I found my seat on the Chinese bullet train, chucked my baggage into the overhead shelf, and settled into my seat. There was no seat belt!
We were going to accelerate to 250 miles per hour and no seat belts!!!
We did. The sleek white aerodynamic train crept out of town on conventional tracks at conventional speed...about 55 miles per hour. Outside the city, the train moved onto a special seemless track that was supported on concrete pylons that elevated the rails from 20 to 50 feet above the countryside.
Acceleration was so gradual that passengers could move around in the aisle. An electronic board at the front of each car flashed our speed as we accelerated to 150, 250, then 350 kilometers per hour. This is the speed an airliner takes off and lands, yet the acceleration and later deceleration were gradual; no G-force ever pushed me back into my seat.
My luggage sat firmly on the open overhead shelves. No latching bins. Just a lip on the shelf. The train streaked straight as an arrow with no sideways pitching as in an airplane. The elevated rails resembled the Roman aquaducts that carried water from the mountains to Rome, cutting through tunnels and forming level bridges across valleys.
The poles that suspended the overhead electric lines whipped past my window faster, and faster, until I could no longer see them. Upon slowing down, they reappeared again.
China is expanding this train system between Beijing and the provincial capitals, and from each capital to every other capital. My trip was between provincial capitals, a distance similar to Topeka to Indianapolis, almost 500 miles. That would take ten hours to drive. This train took a little over 2 hours. It could be less but we would make 4 stops for exactly one minute each: 30 seconds to unload a few passengers and 30 seconds to take on new.
Track for the newest bullet train is being laid from Beijing to Shanghai and will be in operation next year. That trip, 11 hours by car or bus, will take just 4 hours. Each train will carry 1000 passengers and there will be 4 to 6 a day. China’s news teams interviewed people on the street for their opinion. In uncharacteristic fashion, for a culture that does not discuss romance publicly, some suggested the new train would be a benefit for young student lovers, studying at elite universities in these distant cities, who could spend the saved 7 hours to better advantage.
This train, the “gao tye hwo che,” or “high special” train is faster than the European and Japanese trains that remain at ground level. This is Chinese technology and they are exporting it to other countries, including a proposed train in California.
The real take home message is that the first day that this bullet train went into operation between Xi’an and Zhengzhou was the last day the airlines flew between those capitals. China’s planned economy made sure passengers switched and the train was full from day one. It takes one-seventh the energy to move a person by this train, compared to an airline, one-fifth the energy as by car.
And my train ticket was $40, substantially less than an airline ticket.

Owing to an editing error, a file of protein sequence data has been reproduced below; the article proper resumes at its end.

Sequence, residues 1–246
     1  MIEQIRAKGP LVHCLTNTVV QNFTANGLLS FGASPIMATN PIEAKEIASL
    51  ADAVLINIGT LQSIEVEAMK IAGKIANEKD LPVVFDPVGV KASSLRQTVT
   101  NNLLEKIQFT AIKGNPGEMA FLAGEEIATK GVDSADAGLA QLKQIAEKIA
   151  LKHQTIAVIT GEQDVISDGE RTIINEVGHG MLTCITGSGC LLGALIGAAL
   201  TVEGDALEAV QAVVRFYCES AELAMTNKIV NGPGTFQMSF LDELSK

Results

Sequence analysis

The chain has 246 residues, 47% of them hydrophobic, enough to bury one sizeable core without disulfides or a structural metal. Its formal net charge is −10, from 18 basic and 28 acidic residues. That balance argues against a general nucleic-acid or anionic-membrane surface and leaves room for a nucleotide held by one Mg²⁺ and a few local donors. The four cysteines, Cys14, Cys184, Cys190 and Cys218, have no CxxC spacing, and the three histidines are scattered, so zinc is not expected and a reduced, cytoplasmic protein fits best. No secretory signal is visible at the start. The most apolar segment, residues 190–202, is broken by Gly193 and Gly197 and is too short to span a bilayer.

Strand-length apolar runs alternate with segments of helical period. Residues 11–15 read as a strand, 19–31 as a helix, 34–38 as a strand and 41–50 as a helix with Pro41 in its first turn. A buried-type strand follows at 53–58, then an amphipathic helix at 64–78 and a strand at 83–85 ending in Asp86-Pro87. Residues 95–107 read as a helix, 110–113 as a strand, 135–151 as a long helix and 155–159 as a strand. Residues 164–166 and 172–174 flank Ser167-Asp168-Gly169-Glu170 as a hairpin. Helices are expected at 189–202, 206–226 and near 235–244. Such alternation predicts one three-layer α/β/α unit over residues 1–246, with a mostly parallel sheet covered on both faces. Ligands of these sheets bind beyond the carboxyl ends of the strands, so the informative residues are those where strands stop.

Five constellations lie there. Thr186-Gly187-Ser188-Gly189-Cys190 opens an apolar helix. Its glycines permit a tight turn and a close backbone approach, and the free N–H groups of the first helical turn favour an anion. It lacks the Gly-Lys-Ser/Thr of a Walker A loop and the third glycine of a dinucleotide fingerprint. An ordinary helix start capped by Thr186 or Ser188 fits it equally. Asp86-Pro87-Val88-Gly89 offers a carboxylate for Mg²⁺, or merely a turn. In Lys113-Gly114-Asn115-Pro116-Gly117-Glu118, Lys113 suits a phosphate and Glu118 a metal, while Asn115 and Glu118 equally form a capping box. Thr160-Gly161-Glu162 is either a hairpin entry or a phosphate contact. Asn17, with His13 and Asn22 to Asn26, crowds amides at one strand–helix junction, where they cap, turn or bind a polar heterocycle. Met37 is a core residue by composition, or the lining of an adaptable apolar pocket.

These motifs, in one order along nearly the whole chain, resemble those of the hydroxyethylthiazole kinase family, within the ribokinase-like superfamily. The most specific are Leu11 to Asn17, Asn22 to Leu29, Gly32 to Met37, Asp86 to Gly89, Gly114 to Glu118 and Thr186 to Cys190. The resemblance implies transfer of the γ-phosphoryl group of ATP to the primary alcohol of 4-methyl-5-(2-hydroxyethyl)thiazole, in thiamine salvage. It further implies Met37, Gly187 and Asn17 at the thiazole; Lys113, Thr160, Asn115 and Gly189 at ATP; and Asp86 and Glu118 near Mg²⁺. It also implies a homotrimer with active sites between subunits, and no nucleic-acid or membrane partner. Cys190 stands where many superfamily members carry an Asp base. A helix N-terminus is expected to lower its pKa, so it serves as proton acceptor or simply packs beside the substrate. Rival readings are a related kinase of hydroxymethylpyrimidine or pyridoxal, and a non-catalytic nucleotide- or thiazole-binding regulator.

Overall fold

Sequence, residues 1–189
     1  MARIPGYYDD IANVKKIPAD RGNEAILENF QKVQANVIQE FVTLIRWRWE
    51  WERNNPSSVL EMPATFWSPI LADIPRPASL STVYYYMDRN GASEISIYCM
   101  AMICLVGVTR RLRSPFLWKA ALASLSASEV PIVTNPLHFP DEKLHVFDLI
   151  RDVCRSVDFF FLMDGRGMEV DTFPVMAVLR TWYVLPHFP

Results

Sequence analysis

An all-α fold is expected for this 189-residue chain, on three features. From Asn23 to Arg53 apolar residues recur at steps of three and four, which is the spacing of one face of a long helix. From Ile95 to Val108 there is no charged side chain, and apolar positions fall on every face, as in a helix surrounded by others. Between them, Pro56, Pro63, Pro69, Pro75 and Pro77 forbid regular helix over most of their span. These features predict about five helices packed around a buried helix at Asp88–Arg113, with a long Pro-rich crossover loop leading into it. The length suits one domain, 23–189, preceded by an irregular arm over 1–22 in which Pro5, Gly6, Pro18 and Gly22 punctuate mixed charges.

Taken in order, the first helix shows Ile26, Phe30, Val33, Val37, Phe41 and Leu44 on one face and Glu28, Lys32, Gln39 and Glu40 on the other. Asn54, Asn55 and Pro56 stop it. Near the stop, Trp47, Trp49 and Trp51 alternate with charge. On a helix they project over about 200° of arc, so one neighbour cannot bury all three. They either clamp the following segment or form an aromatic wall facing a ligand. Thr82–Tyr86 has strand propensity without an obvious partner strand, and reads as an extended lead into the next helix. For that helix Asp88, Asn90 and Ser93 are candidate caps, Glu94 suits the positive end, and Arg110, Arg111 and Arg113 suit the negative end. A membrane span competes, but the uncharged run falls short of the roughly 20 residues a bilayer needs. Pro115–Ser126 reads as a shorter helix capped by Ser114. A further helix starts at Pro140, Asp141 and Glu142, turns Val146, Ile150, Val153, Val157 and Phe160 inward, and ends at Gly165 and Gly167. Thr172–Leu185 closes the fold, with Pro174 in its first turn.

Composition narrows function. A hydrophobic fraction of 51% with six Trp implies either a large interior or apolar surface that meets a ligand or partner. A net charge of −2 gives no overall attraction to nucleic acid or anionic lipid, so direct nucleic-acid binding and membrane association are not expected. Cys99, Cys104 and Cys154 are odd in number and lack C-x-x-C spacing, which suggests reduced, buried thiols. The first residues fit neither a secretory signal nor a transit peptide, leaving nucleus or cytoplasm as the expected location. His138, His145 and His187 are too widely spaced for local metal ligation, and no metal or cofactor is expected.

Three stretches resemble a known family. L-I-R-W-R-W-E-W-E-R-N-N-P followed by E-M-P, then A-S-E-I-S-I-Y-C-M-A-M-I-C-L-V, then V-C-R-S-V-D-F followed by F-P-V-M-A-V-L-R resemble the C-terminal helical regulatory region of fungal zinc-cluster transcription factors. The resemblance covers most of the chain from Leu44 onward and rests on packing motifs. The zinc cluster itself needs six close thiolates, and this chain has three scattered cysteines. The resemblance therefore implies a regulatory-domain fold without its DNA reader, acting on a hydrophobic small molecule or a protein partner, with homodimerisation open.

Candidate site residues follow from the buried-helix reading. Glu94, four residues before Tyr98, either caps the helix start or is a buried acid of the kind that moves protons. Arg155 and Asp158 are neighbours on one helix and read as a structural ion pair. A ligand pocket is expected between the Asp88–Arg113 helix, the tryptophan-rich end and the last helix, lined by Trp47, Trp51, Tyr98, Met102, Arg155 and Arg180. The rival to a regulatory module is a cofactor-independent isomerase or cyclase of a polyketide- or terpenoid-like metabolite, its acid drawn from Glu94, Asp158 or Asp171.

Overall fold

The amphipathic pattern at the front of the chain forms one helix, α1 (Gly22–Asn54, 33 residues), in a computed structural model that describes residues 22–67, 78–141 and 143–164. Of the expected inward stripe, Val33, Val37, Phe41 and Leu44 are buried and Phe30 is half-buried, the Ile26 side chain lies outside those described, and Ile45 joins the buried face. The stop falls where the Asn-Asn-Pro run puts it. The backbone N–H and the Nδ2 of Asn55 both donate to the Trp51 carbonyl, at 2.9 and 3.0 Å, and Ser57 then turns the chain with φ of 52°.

Meanwhile, we in Kansas piddle around over whether we will expand AMTRAK service. And complain that it will take a public subsidy. Unwilling to abandon our fuel-hogging cars and airlines, we dither under the illusion that our market competition will find the best way.
And...we accuse China of taking no measures to curb pollution.
No time is wasted. The bullet train is moving all the time. If there are 30 stations between Beijing and Guangzhou, just stopping and accelerating again at each station will waste both energy and time.
A mere 5 min stop per station (elderly passengers cannot be hurried) will result in a total loss of 5 min x 30 stations or 2.5 hours of train journey time!
The video below is of the proposed (not currently operational) system for transfer without stopping.
How it works (read then view the movie - (the commentary is in mandarin though!):
1. For those who are boarding the train: The passengers at a station embark onto to a connector cabin way before the train even arrives at the station. When the train arrives, it will not stop. It just slows down to pick up the connector cabin which will move with the train on the roof of the train.
While the train is still moving away from the station, those passengers will board the train from the connector cabin mounted on the train's roof. After fully unloading all its passengers, the connector cabin will be moved to the back of the train so that the next batch of outgoing passengers who want to alight at the next station will board the connector cabin at the rear of the train roof.
2. For those who are getting off: As stated, after fully unloading all its passengers, the connector cabin will be moved to the back of the train so that the next batch of outgoing passengers who want to alight at the next station will board the connector cabin at the rear of the train roof. When the train arrives at the next station, it will simply drop the whole connector cabin at the station itself and leave it behind at the station. The outgoing passengers can take their own time to disembark at the station while the train has already left. At the same time, the train will pick up the incoming embarking passengers on another connector cabin in the front part of the train's roof. So the train will always drop one connector cabin at the rear of its roof and pick up a new connector cabin in the front part of the train's roof at each station.